Inward remittances from outside India, legitimate dues in India and transfers from other NRO accounts are permissible credits to NRO account.

Rupee gift/ loan made by a resident to a NRI/ PIO relative within the limits prescribed under the Liberalised Remittance Scheme (LRS) may be credited to the latter’s NRO account.

Permissible Debits

 

Permissible debits are local disbursements, remittance outside India, transfer to other NRE/ FCNR(B) accounts and investments in India.

 

The account can be debited for the purpose of local payments, transfers to other NRO accounts or remittance of current income abroad.

Apart from these, balances in the NRO account cannot be repatriated abroad except by NRIs and PIOs up to USD 1 million, subject to conditions.

Funds can also be transferred to NRE account within this USD 1 million facility.

Repatriablity Fully Repatriable. Not repatriable except for all current income.

Balances in an NRO account of NRIs/ PIOs are remittable up to USD 1 (one) million per financial year (April-March) along with their other eligible assets.

Taxability Income earned in the accounts is exempt from income tax and balances exempt from wealth tax Taxable
Loans in India Authorised Dealer can sanction loans in India to the account holder/ third parties without any limit, subject to usual margin requirements. These loans cannot be repatriated outside India and can be used in India only for the purposes specified in the regulations.

 

Loans against the deposits can be granted in India to the account holder or third-party subject to usual norms and margin requirement. The loan amount cannot be used for relending, carrying on agricultural/ plantation activities or investment in real estate.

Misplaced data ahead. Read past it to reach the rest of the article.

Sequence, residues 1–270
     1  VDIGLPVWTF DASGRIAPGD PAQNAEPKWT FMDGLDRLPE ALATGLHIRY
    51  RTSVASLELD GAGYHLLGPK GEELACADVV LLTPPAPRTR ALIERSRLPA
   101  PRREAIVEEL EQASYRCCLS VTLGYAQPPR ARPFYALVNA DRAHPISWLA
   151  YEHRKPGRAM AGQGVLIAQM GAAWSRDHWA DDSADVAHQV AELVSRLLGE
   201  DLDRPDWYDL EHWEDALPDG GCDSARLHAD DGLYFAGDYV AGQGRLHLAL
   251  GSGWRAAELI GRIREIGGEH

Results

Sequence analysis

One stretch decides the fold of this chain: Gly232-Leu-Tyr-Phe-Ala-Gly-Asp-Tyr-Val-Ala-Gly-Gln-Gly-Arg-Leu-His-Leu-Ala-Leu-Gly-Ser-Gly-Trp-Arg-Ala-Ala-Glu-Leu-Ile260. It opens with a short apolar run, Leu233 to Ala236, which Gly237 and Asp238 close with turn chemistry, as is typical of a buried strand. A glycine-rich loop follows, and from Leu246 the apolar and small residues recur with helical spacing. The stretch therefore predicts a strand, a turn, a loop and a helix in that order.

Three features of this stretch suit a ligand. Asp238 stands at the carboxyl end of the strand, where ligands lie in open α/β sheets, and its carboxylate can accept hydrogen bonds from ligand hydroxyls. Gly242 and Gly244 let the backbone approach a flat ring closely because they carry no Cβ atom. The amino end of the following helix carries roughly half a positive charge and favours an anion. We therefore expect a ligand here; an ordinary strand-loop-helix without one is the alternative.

DOUBLE TAXATION AVOIDANCE AGREEMENT(DTAA):

DTAA is an agreement between two countries to facilitate the person to avoid double tax on the same declared asset in two different countries. Under the current DTAA provisions an NRI customer can enjoy reduced rate of tax on interest earned in NRO rupee deposits in India. Main document that is required to take benefit under this agreement is Tax Residency Certificate(TRC) along with some other documents.

Documents required for NRI accounts:

  • Application form
  • Passport copies of different pages in passport.
  • Proof to show intention of living in abroad for uncertain period e.g., Employment letter, work permits, student visa, residence visa or any other documents.
  • Though above documents are standard documents. Banks may ask for more documents as well depending upon case to case basis.

Win-win situation for all the stakeholders:

NRI accounts, if used appropriately,provides a win-win situation for NRIs, Banks and country as a whole.

NRIs gets higher rate of interest, exemption from Income tax, stability of their funds, benefits of diversification etc. are among various other benefits.Benefits for banks include higher CASA and Term deposits, more fee-based income, low servicing cost etc.For country as a whole, NRIs are one of the main generators of foreign exchange.